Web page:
Tackling the Job Search

Open door with businessmenAn acquaintance of mine recently started a new job. I was extremely happy for her, but after speaking with her, she admitted to me that she had been unemployed for months. I was shocked. Not only because she hadn’t told me (which was her right) but because in the time that she was unemployed, I could have recommended her for a few positions that she was qualified for. I don’t claim to be a rainmaker, but once in a while I will get an email that says, “Hey, I need to hire….do you know anyone?” I am more than happy to recommend someone, but it is impossible to do this if you don’t know that they are looking for a job.

This situation leads me to believe that there are probably many others that are in the same situation. So, here are my 10 tips for jobs seekers:

1. Get up in the morning. This clearly also applies to job seekers outside of PR but it is the most important aspect of success. Create a routine, whether it’s going to the gym or bringing your laptop to a Starbucks. It’s easy to get bogged down in the job searching process and at times job hunting seems like an impossible battle. I don’t want to say wake up every morning with a ‘positive attitude’; that seems unfair and unrealistic (though I will get to that later). But make sure to wake up.

2. Let people know you’re looking for a job. If you are out of a job, this is a pride swallowing admission that just plain sucks. But the truth is that I’ve hired someone because they tweeted, “I hate the job searching process!” I saw that she was looking for a job and coincidentally had just walked out of a meeting about hiring someone with the Tweeter’s exact qualifications. Yes, in this situation, the stars aligned. But it never would have happened if she wasn’t open about her search.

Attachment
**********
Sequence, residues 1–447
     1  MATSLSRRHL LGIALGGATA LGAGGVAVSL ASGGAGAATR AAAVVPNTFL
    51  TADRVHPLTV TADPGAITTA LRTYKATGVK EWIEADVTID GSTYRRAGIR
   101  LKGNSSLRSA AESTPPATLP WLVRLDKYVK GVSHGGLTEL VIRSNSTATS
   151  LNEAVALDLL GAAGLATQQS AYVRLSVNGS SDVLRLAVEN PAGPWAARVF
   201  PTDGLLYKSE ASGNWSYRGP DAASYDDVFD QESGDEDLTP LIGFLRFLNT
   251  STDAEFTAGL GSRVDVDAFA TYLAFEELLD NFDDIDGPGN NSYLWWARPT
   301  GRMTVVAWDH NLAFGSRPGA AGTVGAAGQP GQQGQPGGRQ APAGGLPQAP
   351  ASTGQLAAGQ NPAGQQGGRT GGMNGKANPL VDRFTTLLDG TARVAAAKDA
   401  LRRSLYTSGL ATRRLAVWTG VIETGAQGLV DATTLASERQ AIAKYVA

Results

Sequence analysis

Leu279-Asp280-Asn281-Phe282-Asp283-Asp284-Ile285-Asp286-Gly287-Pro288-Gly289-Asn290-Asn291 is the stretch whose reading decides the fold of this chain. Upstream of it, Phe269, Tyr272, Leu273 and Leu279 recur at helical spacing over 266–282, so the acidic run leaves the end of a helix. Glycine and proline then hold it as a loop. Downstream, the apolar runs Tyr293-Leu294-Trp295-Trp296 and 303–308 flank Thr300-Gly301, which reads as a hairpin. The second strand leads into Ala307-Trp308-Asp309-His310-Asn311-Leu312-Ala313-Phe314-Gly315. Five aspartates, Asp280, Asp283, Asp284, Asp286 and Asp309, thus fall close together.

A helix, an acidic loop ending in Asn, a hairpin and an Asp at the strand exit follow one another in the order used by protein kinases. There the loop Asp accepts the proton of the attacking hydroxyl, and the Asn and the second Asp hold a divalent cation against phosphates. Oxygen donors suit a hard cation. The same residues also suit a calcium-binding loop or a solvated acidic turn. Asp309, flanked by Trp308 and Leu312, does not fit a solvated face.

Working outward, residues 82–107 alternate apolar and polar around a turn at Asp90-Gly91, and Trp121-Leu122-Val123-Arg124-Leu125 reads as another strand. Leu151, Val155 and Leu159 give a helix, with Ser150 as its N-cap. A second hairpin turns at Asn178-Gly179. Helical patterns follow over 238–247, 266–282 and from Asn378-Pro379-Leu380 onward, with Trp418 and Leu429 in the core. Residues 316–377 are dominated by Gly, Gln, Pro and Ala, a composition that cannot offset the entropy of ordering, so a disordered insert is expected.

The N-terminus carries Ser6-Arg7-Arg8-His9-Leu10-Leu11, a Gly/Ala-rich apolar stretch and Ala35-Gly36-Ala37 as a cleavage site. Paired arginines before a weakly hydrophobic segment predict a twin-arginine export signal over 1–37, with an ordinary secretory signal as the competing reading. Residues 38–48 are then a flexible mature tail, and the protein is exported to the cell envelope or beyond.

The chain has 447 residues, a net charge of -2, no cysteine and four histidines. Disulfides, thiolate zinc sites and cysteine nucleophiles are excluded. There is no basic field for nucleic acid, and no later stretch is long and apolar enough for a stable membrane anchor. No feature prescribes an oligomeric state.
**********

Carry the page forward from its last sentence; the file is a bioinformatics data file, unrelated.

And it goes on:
For job seekers who currently have jobs, this is a little trickier. DO NOT TWEET “I WANT A NEW JOB.” But, you should let friends and acquaintances know that you are looking for new employment. Make sure they have an updated resume that they can pass around.

3. Get Coffee. Identify professionals in your field whom you admire and email them. It has never been easier to find someone’s email address, particularly in PR since people put their email addresses on press releases. Shoot them an email and say, “I’m looking for a new job. I’m impressed with your company and career path [flattery will get you everywhere]. My experience is _____. I would really appreciate it if we could get coffee and I could pick your brain about potential career paths.”

I would venture to guess that a good percentage of people will get back to you and be willing to help. Most PR veterans genuinely want to help younger professionals; they have been in your shoes.  Meeting them will give you a leg up in the hiring process, and even if they’re not hiring now, they may be later.

If you do have a meeting like this, bring your resume, but keep it casual. No clipbooks or references. Always bring a notebook.

There will be some emails that go unanswered. That’s OK. People are busy. But if you choose to email people, make sure that when you are a seasoned PR pro, you damn well answer emails you get from younger professionals looking for a job.